Falling in Love with Ireland

The final leg of my three-weekends-in-a-row travel extravaganza was a Friday to Monday trip out to Ireland. I had mixed feelings about this trip from the very beginning, partly because I was getting a bit burnt out from all the travel and partly because I had heard that Dublin wasn’t all that great of a city. But I had a friend out in Galway I wanted to visit (Eilish!), so decided to organize my trip so the bulk of my time would be spent outside of Dublin.

The flight over was uneventful, featuring another exciting trip out to the mysterious Frankfurt Hahn airport to experience the wonders of flying budget airlines. We got into Dublin around 8 p.m. and didn’t get into the city proper until close to nine. This put us in a bit of a bind, because we all were starving, but apparently most pubs in the city stop serving food after 9 p.m. Tired and hungry, we decided to swallow our pride and go somewhere we knew was still serving food and where we knew we could find something we’d want: TGI Fridays. Not our finest moment (14 euros for chicken fingers? Really?), but at least our hunger was sated.

After eating and dropping our stuff off at the hostel, it was about 11 p.m. We were all tuckered out but unwilling to go to bed without sampling at least a little bit of Dublin nightlife, so we wandered over to the Bleeding Horse Pub for a nightcap. It was a pretty cool pub – very loud and lively inside, with a trendy décor. We quickly realized, however, that everything—not just your TGI Friday’s chicken fingers—was expensive in Ireland. Many of the beers cost more that 5 euros ($7)! For a pint! Compare that to 2 – 3.50 euros for a half-liter in Marburg. Yikes! So we sipped our pricey beers, enjoyed the loud music and general chatter, and then slipped off to bed.

The next morning, I caught a 10 a.m. bus to Galway to visit Eilish. I used the 20-minute or so walk over as a chance to see some more of Dublin, and overall I just wasn’t impressed. Granted, I was seeing it at about 9 a.m. on a Saturday morning, so not exactly the time when Dublin comes alive, but I just didn’t find the city very pretty or inspiring. I’ve seen Paris and Munich and Budapest and Salzburg and, well… Dublin just didn’t seem that special. I was also surprised and annoyed at how hard it was to find a simple café on my way over where I could pick up a fresh-baked pastry and maybe a hot chocolate. Many places advertised themselves as cafes, but when you went it, it be more of a convenience store with some baskets of croissants or donuts whose freshness was suspect. Color me unimpressed.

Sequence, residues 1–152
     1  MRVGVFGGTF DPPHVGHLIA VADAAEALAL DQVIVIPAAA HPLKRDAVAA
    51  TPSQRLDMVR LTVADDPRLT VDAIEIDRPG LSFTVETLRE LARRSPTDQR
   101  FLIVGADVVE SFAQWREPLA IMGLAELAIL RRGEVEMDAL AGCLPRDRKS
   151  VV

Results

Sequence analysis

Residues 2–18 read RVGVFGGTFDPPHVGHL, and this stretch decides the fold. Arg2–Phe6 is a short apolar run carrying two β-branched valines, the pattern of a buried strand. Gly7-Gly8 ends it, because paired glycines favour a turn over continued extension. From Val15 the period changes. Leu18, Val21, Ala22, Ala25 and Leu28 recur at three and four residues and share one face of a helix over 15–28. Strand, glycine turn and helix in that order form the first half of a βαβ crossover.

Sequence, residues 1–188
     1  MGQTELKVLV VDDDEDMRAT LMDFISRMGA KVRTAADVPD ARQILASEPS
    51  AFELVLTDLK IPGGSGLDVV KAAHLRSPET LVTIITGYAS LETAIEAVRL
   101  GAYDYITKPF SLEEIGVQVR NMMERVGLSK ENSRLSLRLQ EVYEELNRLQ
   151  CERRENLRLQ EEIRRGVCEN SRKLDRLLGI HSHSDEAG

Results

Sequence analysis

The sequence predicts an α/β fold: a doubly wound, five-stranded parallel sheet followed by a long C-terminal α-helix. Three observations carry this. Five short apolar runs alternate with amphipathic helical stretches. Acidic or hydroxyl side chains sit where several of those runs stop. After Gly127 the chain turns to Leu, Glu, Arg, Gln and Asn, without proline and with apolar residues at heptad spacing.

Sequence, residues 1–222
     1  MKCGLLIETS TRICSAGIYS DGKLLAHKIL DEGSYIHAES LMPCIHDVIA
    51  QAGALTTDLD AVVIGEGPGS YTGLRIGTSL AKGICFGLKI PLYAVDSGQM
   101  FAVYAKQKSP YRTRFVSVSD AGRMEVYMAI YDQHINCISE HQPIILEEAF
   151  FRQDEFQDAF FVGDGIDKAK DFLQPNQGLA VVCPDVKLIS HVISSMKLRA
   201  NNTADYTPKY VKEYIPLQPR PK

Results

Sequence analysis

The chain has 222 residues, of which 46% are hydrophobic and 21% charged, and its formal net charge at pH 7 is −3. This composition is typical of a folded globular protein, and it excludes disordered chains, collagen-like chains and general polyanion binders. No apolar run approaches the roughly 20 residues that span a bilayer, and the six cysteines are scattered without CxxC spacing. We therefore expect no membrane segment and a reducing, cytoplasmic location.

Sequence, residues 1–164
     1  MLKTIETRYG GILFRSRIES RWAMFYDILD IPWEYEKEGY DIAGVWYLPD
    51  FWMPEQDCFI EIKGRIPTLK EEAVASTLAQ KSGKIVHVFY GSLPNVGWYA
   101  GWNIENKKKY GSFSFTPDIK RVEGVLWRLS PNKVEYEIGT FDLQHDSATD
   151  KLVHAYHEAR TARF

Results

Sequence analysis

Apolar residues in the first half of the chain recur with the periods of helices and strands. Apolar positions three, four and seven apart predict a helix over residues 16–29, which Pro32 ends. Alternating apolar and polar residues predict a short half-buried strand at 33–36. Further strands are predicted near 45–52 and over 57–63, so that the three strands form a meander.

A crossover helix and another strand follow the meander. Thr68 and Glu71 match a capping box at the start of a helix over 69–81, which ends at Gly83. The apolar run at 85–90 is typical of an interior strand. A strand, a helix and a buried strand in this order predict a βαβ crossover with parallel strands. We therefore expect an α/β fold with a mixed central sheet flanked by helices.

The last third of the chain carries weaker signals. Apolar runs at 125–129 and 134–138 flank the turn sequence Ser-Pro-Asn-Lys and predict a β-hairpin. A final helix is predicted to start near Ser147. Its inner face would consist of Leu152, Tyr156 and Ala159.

Shops in Galway

The busride to Galway took about 2 ½ hours – it’s a harbor town on the other side of Ireland. In many ways it’s not unlike Marburg – a small town that thrives on a significant university student population. Eilish picked me up at the bus station, I dropped my stuff off at her apartment, and then she took me on a tour of the town.

I was immediately smitten with Galway in a way that I had not been in Dublin. The best word I can think of is charming—lots of cute shops, friendly people and interesting bits of history. After walking a bit we hopped on a boat to take a cruise on the River Corrib, which offered me the chance to see more of the Irish landscape as well as some bits of historical significance in the form of castle ruins and other abandoned structures.

That night, Eilish took me out to one of her favorite pubs. The entire experience was just wonderful. The pub was fairly small but quite packed. There was a traditional Irish band playing in the corner, and people would occasionally attempt to dance in what little space they could find. I was also amazed at how friendly people were, and how willing they were to talk to strangers. Eilish and I talked for a bit with a few Irish guys who began the conversation by complimenting us on our drinking Guinness (“You look like real Irish women!”). The whole atmosphere was just so warm and convivial. It was unlike anything I had experienced in my travels.

Dunguaire Castle

The next day, Eilish and I hopped on a tour bus that would take us around several points of interest in the surrounding area, including the much-hyped Cliffs of Moher. It was my first experience doing any sort of organized tour, and I wasn’t sure if I would like it, but overall it was a very positive experience—certainly an efficient way to see a lot in just a day. The only downside was that there were many times I wish we could have just pulled over and stopped to admire the view. It would definitely be nice to do a tour of the Irish countryside by car some day.